The politically correct take on the gender imbalance in science & technology programs seems to be that it's just a failure of marketing:
“The way engineering traditionally has been marketed doesn’t appeal as much to women as to men,” said Carrie-Ann Miller, director of the Women in Science and Engineering program at Stony Brook UniversityThis whole issue seems like small potatoes at first glance. But could gender-based affirmative action in science & technology education (and employment) have unintended consequences? An Instapundit commenter writes:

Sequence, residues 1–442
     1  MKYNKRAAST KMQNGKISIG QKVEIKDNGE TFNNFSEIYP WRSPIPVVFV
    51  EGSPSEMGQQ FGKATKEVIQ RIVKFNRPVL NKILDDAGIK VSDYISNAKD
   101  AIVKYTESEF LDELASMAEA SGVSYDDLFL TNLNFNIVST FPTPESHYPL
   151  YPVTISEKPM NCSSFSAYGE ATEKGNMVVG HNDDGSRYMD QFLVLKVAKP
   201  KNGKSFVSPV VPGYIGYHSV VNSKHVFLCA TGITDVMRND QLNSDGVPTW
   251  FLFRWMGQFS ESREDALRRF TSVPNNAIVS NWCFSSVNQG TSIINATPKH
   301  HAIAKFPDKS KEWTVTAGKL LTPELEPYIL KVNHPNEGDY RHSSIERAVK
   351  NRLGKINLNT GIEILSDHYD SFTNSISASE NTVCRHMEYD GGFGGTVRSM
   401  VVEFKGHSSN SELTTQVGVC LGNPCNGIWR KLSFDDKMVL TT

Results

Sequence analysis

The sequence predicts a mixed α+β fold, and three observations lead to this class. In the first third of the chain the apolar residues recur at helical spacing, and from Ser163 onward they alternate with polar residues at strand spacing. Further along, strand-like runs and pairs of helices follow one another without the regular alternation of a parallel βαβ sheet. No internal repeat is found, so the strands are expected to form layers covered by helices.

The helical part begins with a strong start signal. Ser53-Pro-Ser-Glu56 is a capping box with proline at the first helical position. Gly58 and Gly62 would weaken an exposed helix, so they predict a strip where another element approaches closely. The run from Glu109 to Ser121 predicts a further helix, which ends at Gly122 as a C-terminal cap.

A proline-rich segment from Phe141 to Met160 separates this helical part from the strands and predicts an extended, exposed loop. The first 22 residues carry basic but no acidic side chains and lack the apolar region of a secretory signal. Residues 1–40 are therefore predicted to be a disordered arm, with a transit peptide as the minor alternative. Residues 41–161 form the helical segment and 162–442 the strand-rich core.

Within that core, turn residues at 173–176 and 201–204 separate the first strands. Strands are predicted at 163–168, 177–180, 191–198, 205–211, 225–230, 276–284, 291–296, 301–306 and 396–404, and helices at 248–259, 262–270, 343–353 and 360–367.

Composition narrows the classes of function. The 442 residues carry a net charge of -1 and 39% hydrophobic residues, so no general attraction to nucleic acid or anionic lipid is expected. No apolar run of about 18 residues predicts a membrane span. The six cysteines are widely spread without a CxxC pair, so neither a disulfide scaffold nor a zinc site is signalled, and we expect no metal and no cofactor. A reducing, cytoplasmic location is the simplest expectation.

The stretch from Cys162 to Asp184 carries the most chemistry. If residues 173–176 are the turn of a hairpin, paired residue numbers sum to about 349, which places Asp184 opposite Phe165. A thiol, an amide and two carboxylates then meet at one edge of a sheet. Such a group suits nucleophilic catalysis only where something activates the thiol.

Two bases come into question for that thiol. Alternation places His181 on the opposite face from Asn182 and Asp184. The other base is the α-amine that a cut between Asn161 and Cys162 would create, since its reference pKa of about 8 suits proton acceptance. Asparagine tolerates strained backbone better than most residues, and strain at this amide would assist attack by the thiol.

I work for a very large high tech company. I presently manage a research team in the corporate lab. The problem is that there is no encouragement for American non-minority males to go into science and engineering because we will almost never hire them. Instead we are being forced to look for technical females and under-represented minorities. Since very few American females choose engineering, we end up hiring Chinese and Indian women. The universities that I work with tell me that they find it almost impossible to recruit American males to PhD programs. I believe within less than a generation we will be in deep trouble, technically, in this country, and we’ll be without the means and capability to maintain the highly sophisticated civilization that we’ve constructed.